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Thread: Watch for Such Things

  1. #1
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    Watch for Such Things

    Went to an office recently for a service call. Lost power to a row of desk receptacles. Briefly looked around desks, saw nothing strange, checked panel and found bad breaker. Soft tripped, still looked on. Wiggled it a little, went to trip position. Then hard to turn off and wouldn't turn back on. OK, bad breaker. Got another, installed it and all good. Went around with tester, all receptacles good. They called back 2 days later it was tripping again. Went back and as I walked by one desk, felt a blast of heat. Looked under and found a space heater on full blast. I am sure it was not there 1st time and I would not think to look for a space heater in mid August, high 90 termperatures. Well, I looked further and found another one 2 desks down. Both women said their legs got cold. I showed them how the 2 heaters together pulled 22 amps. Surprised breaker did not trip sooner. Fortunately, they had another ckt nearby to plug one of them into.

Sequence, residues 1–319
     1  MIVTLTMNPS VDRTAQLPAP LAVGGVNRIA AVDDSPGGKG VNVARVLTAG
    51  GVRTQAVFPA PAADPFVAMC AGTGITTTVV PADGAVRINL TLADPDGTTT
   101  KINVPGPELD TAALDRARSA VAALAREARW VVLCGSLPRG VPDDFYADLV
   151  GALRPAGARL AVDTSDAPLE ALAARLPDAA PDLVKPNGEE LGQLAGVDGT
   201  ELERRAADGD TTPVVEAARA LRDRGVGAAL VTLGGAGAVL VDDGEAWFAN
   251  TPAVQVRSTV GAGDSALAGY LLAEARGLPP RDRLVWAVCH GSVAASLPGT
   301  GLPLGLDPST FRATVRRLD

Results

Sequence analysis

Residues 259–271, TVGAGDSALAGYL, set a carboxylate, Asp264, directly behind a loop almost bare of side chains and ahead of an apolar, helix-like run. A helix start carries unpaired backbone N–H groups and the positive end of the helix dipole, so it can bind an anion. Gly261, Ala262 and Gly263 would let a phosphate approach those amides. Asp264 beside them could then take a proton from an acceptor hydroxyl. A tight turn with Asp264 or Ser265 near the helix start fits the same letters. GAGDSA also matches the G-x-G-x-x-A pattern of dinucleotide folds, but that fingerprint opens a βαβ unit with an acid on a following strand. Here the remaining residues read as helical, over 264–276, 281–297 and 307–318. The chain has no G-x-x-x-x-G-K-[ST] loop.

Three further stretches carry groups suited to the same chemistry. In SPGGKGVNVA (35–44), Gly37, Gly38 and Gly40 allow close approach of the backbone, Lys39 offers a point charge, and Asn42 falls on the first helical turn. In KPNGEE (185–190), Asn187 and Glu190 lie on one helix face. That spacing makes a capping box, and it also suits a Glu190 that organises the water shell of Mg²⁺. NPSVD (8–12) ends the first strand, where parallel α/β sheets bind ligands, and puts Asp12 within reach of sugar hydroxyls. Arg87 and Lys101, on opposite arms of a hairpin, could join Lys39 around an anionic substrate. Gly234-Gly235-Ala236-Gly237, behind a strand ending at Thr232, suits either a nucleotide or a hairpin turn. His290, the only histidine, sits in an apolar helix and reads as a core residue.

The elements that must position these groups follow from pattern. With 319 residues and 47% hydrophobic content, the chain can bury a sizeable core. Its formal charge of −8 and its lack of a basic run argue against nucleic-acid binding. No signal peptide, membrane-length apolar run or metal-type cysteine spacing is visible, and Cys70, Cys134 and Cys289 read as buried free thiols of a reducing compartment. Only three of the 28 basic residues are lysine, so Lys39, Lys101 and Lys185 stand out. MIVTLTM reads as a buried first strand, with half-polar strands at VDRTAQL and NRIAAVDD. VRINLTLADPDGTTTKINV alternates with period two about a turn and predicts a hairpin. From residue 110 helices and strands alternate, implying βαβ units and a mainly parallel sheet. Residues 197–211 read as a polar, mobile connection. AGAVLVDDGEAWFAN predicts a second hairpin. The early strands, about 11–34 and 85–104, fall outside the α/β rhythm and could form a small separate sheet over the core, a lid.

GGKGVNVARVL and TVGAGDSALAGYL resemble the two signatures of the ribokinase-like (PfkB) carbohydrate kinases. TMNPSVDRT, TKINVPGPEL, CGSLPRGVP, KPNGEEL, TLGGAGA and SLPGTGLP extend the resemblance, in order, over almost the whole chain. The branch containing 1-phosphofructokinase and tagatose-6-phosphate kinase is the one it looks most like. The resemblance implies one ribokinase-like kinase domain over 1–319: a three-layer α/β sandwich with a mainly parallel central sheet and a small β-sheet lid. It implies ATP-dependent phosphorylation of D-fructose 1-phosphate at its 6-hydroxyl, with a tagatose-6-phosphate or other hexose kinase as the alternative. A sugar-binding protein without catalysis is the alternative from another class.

In winter, I always think to look for space heaters but this is the 1st time I'd seen people using them in the peak of summer heat. So, keep your eyes open for anything and always ask what is being used, whether every day or off and on.
    Yes, I'll be happy to do a first class job for less than anyone else and take a dollar a week for 10 years.

  2. #2
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    Probably an air conditioned office and men are in charge of the AC settings. It's that way at our office and the women are constantly complaining that 78 is too cold. Luckily we have a rule about under desk heaters; they never allowed, even in winter because of the fire hazard.

    Talk about a waste of energy; paying to run the heaters, then paying again to run the AC to get rid of that extra heat.
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  3. #3
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    Quote Originally Posted by Jraef View Post
    Talk about a waste of energy; paying to run the heaters, then paying again to run the AC to get rid of that extra heat.